Following a Failed Referendum, Nashville Transit Advocates Regroup

Last spring, voters resoundingly quashed Let's Move Nashville, a $5.4 billion plan to build out the city's transit options. The plan paid too little attention to current riders, advocates say, and they aim to do things differently.
June 11, 2019, 2pm PDT | Philip Rojc | @PhilipRojc
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Former Nashville Mayor Megan Barry resigned amidst scandal last year, and with her went Let's Move Nashville, a transportation package that voters rejected by a 64% to 34% marginTransitCenter calls the vote "a stunning defeat for a plan that consistently polled well and enjoyed support from the Chamber of Commerce and dozens of business and civic organizations." But as critics tell it, Let's Move Nashville suffered from major flaws besides its association with the former mayor. 

For one thing, TransitCenter reports, "with 80 percent of the funds earmarked for building five light rail corridors and a tunnel through downtown, a relatively small percentage was left over for bus and pedestrian improvements"the kinds of projects current transit riders actually want. Some associated the plan with an overeager appetite for transit-oriented development, stoking gentrification fears.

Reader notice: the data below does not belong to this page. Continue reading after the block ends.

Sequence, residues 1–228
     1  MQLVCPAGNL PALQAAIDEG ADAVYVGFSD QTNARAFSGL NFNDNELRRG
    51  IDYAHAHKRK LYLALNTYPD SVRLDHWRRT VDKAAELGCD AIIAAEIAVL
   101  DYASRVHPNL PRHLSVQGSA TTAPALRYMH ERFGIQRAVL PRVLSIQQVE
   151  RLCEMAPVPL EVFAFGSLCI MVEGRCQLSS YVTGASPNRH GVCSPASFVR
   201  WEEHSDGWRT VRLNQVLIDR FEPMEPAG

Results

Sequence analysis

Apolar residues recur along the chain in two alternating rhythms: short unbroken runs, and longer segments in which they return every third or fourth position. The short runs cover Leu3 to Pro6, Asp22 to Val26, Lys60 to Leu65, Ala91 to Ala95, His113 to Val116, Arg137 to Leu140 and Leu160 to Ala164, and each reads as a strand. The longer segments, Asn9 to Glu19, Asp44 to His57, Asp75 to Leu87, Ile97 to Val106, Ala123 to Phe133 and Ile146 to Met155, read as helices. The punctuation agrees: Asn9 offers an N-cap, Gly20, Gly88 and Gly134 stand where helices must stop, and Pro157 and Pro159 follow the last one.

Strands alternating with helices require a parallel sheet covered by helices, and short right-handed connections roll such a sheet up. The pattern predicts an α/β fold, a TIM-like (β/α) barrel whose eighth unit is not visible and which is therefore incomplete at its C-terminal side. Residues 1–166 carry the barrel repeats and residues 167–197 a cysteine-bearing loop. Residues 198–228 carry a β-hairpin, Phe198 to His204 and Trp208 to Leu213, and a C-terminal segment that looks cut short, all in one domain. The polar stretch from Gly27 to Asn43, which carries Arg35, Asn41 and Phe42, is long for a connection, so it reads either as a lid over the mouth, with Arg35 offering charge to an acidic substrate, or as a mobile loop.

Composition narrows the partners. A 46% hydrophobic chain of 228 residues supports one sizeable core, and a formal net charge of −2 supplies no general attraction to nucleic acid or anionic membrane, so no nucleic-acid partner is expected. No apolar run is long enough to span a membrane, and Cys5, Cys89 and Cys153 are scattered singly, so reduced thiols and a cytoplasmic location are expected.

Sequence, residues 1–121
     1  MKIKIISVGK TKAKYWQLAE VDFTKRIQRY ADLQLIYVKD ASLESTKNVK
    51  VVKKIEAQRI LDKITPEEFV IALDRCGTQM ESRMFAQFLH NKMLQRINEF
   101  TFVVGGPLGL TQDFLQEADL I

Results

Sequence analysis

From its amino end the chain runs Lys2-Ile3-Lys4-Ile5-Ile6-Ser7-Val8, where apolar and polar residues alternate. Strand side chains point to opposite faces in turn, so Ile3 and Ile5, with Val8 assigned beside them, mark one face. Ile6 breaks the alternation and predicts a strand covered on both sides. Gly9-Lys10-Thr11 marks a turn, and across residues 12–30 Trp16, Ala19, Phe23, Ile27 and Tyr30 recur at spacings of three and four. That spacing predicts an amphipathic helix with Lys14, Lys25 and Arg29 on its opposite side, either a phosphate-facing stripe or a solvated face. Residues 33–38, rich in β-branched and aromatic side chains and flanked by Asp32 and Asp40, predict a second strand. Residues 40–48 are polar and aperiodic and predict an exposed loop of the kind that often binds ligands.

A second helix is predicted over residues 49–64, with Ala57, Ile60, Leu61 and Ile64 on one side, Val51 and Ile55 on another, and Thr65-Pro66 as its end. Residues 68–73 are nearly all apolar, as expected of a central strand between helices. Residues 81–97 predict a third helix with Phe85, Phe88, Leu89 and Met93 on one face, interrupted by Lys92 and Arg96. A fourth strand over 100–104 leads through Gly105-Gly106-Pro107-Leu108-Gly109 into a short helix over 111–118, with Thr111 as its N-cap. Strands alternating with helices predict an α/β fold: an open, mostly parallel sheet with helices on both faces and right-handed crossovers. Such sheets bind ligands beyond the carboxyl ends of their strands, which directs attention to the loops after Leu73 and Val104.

In the year since, "transit supporters regrouped, determined to grapple with what went wrong and learn from past mistakes. A year after the vote, a new coalition is reviving the transit conversation in Nashville." They include the advocacy groups behind the Nashville Community Transportation Platform and a broad coalition including business groups called Connect Mid TN

The new coalition wants to place greater emphasis on community engagement, which they say was definitively lacking last time. But they may have to contend with lackluster backing from city leaders like Mayor David Briley, "whose support for transit is lukewarm at best."

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Published on Thursday, June 6, 2019 in TransitCenter
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